Help Privacy Policy Disclaimer
  Advanced SearchBrowse




Journal Article

Evidence for hierarchial categorization of coarticulated phonemes


Smits,  Roel
Language Comprehension Group, MPI for Psycholinguistics, Max Planck Society;

External Resource
No external resources are shared
Fulltext (restricted access)
There are currently no full texts shared for your IP range.
Fulltext (public)
Supplementary Material (public)
There is no public supplementary material available

Smits, R. (2001). Evidence for hierarchial categorization of coarticulated phonemes. Journal of Experimental Psychology: Human Perception and Performance, 27, 1145-1162. doi:10.1037/0096-1523.27.5.1145.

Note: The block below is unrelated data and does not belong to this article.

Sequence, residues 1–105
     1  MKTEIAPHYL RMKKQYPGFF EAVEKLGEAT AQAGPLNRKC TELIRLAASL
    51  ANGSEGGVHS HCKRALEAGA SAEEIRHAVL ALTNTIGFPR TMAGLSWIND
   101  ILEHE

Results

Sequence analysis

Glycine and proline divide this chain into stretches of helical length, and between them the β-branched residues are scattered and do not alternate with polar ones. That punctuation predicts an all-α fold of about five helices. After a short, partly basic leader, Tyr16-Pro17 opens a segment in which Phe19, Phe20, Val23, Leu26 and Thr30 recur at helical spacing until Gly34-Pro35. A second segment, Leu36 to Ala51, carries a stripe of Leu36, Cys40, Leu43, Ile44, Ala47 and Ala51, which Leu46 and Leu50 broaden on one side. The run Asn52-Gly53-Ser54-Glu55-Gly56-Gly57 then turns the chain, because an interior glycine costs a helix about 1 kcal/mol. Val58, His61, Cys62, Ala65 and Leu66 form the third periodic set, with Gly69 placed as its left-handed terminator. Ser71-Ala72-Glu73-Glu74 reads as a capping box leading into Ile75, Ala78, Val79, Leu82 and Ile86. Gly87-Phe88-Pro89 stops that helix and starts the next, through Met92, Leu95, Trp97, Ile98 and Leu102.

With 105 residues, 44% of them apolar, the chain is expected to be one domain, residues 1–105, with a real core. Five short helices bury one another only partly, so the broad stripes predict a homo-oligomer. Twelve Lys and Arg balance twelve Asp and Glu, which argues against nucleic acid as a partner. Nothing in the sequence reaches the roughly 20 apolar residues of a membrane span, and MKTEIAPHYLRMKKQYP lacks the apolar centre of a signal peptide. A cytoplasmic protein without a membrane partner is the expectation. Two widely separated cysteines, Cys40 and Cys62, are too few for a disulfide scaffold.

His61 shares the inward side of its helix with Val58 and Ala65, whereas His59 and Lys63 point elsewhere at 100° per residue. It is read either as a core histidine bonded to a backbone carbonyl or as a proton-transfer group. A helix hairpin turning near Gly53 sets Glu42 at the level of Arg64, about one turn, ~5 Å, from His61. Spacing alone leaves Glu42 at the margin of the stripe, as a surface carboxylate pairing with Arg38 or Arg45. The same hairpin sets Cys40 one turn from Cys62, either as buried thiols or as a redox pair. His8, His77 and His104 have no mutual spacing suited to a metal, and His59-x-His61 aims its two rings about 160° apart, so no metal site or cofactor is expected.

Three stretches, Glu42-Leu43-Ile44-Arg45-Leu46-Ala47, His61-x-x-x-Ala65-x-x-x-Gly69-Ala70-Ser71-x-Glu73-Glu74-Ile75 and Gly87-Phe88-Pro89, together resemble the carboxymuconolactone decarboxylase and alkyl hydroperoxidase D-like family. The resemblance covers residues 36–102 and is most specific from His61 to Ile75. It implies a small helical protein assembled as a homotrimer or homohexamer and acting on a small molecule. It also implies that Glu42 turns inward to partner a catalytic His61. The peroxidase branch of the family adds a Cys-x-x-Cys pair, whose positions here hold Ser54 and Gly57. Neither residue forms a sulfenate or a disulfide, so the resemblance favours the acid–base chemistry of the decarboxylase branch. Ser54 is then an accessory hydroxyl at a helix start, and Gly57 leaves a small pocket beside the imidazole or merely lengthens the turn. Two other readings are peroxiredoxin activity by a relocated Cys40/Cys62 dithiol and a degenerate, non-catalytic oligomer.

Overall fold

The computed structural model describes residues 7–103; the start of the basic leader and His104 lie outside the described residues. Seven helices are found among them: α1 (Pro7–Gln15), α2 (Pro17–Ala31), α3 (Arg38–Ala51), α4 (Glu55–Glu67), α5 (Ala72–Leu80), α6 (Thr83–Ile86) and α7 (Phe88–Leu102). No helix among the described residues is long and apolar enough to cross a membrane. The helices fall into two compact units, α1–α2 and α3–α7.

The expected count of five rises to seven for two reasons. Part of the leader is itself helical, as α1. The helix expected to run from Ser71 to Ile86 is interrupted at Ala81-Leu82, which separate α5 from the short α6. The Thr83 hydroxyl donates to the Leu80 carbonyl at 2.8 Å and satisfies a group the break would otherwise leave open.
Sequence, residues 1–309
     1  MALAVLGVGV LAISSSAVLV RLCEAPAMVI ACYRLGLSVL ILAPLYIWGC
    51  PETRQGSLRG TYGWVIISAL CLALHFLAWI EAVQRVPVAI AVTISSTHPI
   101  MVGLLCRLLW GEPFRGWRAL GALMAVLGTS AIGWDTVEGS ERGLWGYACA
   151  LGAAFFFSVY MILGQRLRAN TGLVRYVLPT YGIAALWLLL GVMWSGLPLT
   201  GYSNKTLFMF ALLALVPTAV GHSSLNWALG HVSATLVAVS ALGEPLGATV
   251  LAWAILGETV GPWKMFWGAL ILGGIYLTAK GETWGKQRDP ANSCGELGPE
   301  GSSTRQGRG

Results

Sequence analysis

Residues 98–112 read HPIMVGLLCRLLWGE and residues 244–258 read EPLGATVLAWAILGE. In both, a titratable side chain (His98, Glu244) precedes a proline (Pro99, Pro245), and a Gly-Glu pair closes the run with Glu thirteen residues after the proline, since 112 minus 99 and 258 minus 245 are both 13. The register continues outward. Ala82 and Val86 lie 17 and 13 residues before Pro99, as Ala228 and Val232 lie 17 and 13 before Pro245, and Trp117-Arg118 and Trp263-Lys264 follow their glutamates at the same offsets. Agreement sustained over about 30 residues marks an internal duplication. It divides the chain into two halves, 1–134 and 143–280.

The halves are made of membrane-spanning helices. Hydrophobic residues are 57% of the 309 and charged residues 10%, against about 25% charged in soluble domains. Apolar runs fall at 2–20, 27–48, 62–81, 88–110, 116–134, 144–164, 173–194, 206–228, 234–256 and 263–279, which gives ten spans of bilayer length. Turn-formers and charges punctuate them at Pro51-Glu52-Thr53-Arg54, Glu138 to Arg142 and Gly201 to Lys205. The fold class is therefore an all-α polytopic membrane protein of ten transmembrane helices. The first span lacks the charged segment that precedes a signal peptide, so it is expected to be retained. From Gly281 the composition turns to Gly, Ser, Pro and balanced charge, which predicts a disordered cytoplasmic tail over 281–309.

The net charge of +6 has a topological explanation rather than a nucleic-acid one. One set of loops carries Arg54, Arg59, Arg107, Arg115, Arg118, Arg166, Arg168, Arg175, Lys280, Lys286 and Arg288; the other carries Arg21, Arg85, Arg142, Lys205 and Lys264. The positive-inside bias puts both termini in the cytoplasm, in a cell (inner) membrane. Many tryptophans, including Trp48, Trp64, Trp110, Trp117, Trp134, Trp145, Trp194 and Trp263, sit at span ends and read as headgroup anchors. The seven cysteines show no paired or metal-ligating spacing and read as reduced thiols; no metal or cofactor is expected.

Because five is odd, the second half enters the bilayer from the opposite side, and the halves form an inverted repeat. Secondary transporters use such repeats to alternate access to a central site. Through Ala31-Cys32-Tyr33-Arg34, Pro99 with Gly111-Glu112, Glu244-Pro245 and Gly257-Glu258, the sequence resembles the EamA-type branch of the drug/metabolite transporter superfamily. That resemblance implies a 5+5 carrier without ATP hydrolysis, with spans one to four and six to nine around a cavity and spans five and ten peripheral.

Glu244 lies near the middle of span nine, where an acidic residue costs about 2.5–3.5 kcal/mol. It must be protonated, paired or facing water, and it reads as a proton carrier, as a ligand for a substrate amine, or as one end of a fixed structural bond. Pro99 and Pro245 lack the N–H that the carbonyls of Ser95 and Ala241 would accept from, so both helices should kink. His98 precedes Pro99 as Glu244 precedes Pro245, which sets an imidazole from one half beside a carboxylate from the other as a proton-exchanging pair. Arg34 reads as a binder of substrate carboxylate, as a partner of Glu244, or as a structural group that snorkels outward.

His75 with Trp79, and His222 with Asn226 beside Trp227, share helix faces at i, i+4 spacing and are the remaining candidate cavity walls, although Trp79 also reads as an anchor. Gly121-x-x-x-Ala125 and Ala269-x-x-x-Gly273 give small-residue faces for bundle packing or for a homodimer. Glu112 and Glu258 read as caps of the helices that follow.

Cite as: https://hdl.handle.net/11858/00-001M-0000-000E-E427-5
The reported research investigates how listeners recognize coarticulated phonemes. First, 2 data sets from experiments on the recognition of coarticulated phonemes published by D. H. Whalen (1989) are reanalyzed. The analyses indicate that listeners used categorization strategies involving a hierarchical dependency. Two new experiments are reported investigating the production and perception of fricative-vowel syllables. On the basis of measurements of acoustic cues on a large set of natural utterances, it was predicted that listeners would use categorization strategies involving a dependency of the fricative categorization on the perceived vowel. The predictions were tested in a perception experiment using a 2-dimensional synthetic fricative-vowel continuum. Model analyses of the results pooled across listeners confirmed the predictions. Individual analyses revealed some variability in the categorization dependencies used by different participants.